Not long ago I received an e-mail that included as an attachment a few pictures of prominent Gulf sheikhs in what appeared to be compromising situations. There was one of a certain UAE former minister with Shimon Perez, the Israeli president, when the latter was foreign minister. Another showed a dignitary in what looked like a discotheque. Needless to say all the pictures carried captions under them sarcastically praising their Excellencies for their “hard work”.
None of the e-mails concerning these public figures explained the circumstances under which the photos had been taken. For example, was what appeared to be a nightclub in fact a charity ball? Probably not, but that’s beside the point. We happen to know that sensationalism works: if you doubt that, just turn on a certain Arabic news channel.
In the autumn of last year Sheikh Mansour bin Zayed of the Abu Dhabi ruling family bought Manchester City football club. Negotiations on behalf of the buyer were conducted by Sulaiman al Fahim. For some followers in the UAE community Mr al Fahim’s popularity ratings went from overnight fame to notoriety because of some pictures of him with the socialite, actress and model Kim Kardashian that appeared on the internet. He explained the circumstances by saying: “All there is to it is that I was invited to the opening of a restaurant in Las Vegas and the actresses took these shots with me.”
Fair enough. The truth is that many of those who criticised him, including bloggers, journalists and e-mail-forwarding timewasters, have a few skeletons in their own closets that they would probably not want to appear all over the internet.
I have some of my own. Eleven years ago, when I was a 20-year-old student in Paris, a visiting GCC official delegation invited me and some friends for dinner at Nino’s, a Jewish-Tunisian owned restaurant in the 17th arrondissement. Shortly after we sat down, I sensed the presence of a man twice my size standing right behind me, blaring out in broken Arabic-Iraqi dialect: “Welcome, my Gulf brothers!” Were we that obvious, I wondered – until I learnt that it was the restaurant manager who had pointed us out. The heavy breathing hoverer was none other than Yitzhak Mordechai, the former Israeli Minister of Defence whose conviction a couple of years later on charges of sexual misconduct during his military service ended his public life. “Come visit us in Jerusalem” he yelled. “You visit us in Jerusalem one day,” a Bahraini delegate answered back, and that was the end of that one-minute, friendly, tense encounter.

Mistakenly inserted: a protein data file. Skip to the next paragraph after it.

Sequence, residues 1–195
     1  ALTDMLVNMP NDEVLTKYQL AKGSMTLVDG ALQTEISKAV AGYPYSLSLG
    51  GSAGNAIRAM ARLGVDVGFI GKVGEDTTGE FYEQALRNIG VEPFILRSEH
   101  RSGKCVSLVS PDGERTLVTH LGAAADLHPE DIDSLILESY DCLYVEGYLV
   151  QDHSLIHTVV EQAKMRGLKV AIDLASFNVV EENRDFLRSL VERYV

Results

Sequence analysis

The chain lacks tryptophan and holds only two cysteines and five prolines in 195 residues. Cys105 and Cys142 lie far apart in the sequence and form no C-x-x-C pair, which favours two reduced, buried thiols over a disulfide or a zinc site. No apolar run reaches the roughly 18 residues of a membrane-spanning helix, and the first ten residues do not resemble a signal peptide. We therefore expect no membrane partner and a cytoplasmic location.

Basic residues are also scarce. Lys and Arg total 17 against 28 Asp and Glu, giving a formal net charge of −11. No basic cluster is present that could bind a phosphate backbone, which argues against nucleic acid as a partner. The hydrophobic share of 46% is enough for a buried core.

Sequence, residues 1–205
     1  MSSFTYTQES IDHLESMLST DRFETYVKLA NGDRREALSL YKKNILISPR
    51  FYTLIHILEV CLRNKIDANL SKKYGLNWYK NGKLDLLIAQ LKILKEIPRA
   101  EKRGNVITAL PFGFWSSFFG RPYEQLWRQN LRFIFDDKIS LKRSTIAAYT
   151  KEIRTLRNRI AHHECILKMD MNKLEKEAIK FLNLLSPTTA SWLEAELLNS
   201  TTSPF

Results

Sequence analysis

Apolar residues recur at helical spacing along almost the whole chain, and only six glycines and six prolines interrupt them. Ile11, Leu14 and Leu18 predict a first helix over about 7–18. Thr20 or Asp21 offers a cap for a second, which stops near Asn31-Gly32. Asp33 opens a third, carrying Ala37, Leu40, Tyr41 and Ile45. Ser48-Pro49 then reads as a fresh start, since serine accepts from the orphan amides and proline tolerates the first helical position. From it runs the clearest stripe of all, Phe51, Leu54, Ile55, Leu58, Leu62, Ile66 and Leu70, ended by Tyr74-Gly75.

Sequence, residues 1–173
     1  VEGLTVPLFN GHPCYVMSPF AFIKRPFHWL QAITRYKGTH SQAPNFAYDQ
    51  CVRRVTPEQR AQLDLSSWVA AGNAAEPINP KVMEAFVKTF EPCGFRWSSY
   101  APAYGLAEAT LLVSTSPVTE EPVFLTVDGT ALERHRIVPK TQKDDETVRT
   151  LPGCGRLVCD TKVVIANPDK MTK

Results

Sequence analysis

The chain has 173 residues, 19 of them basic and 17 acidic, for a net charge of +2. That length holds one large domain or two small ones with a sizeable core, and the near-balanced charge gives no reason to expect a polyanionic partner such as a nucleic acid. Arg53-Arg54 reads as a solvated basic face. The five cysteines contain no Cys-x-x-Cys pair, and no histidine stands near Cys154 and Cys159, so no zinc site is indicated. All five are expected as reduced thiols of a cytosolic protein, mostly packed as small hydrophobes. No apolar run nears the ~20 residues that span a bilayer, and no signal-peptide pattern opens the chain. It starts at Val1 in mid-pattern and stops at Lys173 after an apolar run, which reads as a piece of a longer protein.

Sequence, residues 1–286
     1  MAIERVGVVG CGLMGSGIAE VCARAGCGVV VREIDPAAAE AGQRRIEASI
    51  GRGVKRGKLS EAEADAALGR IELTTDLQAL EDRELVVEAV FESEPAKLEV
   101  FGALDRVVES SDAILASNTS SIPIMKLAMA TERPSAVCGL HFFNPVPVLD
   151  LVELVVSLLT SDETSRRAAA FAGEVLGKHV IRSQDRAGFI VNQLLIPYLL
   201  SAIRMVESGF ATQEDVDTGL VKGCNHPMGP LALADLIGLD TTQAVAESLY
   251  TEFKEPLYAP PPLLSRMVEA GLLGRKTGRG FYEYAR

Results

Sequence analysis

I couldn’t help but wonder, as I saw some of the e-mails recently: what if someone had taken my picture with that undesirable and e-mailed it around? The repercussions would certainly have been more serious for my hosts, some of whom currently run large airline businesses in the Gulf.
Another “skeleton” was exposed when my name was published on the Washington Post website recently as a donor to the Clinton Foundation. I had partly sponsored a youth exchange programme three years ago that brought together Muslim, Christian and Jewish children to learn to live in a diverse world. Oh, the horror.
On that subject, David Ben-Gurion, the founder of Israel, speaking about Palestinian refugees in 1949, said: “The old will die and the young will forget.” Yes and no. On the initiative of a good friend from Kuwait, I also participated a few years ago in sponsoring a project known as the Nakba Archive, the purpose of which is simply to record hours of testimonies of Palestinian refugees from the 1948 war with Israel who are now living in the camps in Lebanon. Thanks to the digital age and the internet, only the first half of Mr Ben-Gurion’s prediction will come true. Researchers can forever access these testimonies on the internet to hear and see what this rapidly thinning generation has to say.
Last year I had to take the very difficult decision to let go of someone who works for one of our organisations. It was because of an e-mail that she sent to another institution despite my explicit instructions not to contact that party. The e-mail made it literally half-way around the world before appearing in my inbox several days later. One must keep in mind that once the “send” button is pressed there is no way of undoing that: unlike human beings, the internet never forgets. E-mails, including small comments that are sent in jest, find a way to inconveniently reappear sooner or later.
Technology doesn’t always work in one’s favour, which could be something very positive for governance in the Arab world as we lack even the basic understanding of transparency. For example, it may keep officials in check when they finally realise that their actions, intentional or not, are recorded for ever and can’t be undone. Who knows? Maybe, thanks to the internet, one-day corruption in the Middle East will once again become taboo, rather than practised in broad daylight.
Diamonds don’t last for ever. The internet does – and it never forgets.
This article was originally published in The National on February 1, 2009.